Living a faith

Print edition : June 14, 2013

Asghar Ali Engineer: 1939-2013 Photo: K. Ramesh Babu

Dawoodi Bohras offering namaz on Eid-ul-Fitr at Hussaini Masjid in Bhopal. A 2010 photograph. Photo: A.M. Faruqui

The religious head of the Dawoodi Bohra community, Syedna Mohammed Burhanuddin Saheb at a function to commemorate his 101st birthday in Surat in May 2012. Photo: PTI

Asghar Ali Engineer’s activism stemmed from his deep-rooted beliefs, though as an independent thinker he chose to believe in a modern, humanistic interpretation of Islam.

WHEN Asghar Ali Engineer passed away on May 14, he left a void that will be difficult, if not impossible, to fill. If one were to choose one word to describe him, it would have to be “courage”, for he had a seemingly limitless supply of physical, moral, emotional and spiritual courage. It stemmed, he once told this correspondent, from belief. And that is why he will be a difficult act to follow. He was an independent thinker and a man who fearlessly questioned regressive religious practices despite being subjected to violence and facing threats to his life.

He spent the greater part of his 74 years battling some practices and beliefs of the Dawoodi Bohra community to which he belonged. The Bohras, a small sect of Ismaili Muslims, are believers in the Shia tradition. An outspoken critic of backward thinking, Engineer chose to believe in a modern, humanistic interpretation of Islam. This, clearly, did not go down well with the orthodox section of the community, and Engineer was assaulted many times—twice with almost fatal consequences. He was actually in a strange position—an Islamic scholar from a priestly family battling against the religious head of his own sect. Engineer led a constitutionally sound fight, essentially questioning what he said was the stranglehold of the Syedna (a title akin to Our Lord) Mohammed Burhanuddin on the Bohra community.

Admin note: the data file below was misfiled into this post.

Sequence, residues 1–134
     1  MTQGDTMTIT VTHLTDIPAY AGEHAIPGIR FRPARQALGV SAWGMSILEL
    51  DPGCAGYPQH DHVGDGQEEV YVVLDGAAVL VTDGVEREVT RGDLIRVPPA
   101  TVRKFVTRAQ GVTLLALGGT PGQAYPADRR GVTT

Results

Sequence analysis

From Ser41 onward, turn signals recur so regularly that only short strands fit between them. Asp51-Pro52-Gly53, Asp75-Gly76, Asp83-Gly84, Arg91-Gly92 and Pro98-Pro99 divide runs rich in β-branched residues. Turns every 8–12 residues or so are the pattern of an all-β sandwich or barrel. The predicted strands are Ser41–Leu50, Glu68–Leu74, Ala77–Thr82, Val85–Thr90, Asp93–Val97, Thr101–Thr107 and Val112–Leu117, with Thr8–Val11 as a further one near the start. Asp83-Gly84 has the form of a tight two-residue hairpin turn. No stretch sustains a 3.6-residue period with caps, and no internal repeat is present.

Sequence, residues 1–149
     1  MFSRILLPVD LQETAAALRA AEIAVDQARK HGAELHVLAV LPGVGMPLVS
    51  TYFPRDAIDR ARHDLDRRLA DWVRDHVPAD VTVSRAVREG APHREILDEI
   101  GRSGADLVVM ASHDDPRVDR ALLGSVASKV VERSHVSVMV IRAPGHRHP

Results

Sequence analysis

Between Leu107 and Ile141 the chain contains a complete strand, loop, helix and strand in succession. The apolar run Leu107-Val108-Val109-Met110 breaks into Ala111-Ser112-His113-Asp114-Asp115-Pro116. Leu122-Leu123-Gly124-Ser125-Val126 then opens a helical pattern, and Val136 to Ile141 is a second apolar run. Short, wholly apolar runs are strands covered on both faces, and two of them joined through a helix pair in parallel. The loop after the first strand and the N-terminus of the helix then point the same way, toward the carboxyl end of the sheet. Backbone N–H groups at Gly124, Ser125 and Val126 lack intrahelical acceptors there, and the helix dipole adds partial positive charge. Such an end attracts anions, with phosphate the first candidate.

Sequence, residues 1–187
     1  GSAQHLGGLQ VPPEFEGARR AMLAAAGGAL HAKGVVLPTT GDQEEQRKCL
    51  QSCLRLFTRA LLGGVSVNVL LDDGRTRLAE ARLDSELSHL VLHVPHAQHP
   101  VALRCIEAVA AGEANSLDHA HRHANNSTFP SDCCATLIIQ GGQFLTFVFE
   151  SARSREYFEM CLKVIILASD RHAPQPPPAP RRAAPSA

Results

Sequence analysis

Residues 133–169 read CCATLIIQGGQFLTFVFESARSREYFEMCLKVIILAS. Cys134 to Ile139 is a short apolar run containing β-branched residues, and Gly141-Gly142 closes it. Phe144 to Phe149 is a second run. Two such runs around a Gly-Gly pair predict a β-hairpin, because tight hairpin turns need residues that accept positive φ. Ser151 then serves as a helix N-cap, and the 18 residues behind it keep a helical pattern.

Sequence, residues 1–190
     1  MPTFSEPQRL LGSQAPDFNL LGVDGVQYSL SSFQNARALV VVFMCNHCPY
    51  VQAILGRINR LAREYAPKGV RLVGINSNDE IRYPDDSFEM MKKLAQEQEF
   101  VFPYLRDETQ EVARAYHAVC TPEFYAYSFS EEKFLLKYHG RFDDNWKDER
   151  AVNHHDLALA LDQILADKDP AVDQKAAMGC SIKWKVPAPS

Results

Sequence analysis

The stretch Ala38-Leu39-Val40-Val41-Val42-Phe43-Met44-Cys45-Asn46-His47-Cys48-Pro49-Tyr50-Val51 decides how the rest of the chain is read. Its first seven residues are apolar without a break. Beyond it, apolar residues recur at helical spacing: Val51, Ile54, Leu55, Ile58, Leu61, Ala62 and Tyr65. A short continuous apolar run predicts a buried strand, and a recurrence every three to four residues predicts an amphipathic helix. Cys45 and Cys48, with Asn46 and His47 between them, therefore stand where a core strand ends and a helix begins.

Though Engineer was probably the most public face of the reform movement among the Dawoodi Bohras, he did not initiate it. The movement was launched at the beginning of the 20th century by a few Bohras who defied the dictates of the Syedna, the high priest. They were persecuted in a variety of ways, such as social boycott and physical violence, but in 1977 their persistence finally brought some results.

A commission of inquiry was appointed by the national executive council of the Citizens for Democracy (an NGO which Jayaprakash Narayan founded, along with V.M. Tarkunde, in 1974). Headed by a retired judge, Narendra Nathwani, the commission looked at three issues: misaq, or the right of a religious head to demand obedience from his followers; baraat, or social boycott; and an independent audit of the huge sums of money collected by the Syedna as zakat, or tax.

Engineer’s objection to misaq was that the Syedna extended it to non-religious matters. Engineer once told this correspondent: “ Misaq is about swearing allegiance to Quranic teachings and to the Prophet. But today, it has become more fundamental than the faith itself. It is being used as a tool for promoting authoritarian culture. We reject this.” He said even wedding invitations had to be inscribed with the words Abde Syedna, which means “Slave of the High Priest”.

Baraat is one of the most dreaded diktats in the small and closely knit community. It often means that immediate family members are also forbidden from any contact with the person declared an outsider. All Bohra traditions and customs are denied to the victim—marriages, funerals, admission to mosques. Engineer himself was a victim of baraat. When Engineer was excommunicated, even his mother was banned from meeting him. The other relatives, too, were asked to choose between the Syedna and Engineer. They chose the Syedna, leaving him effectively without a family, apart from his wife, son and daughter. When his wife died in 1999, his relatives could not attend the funeral.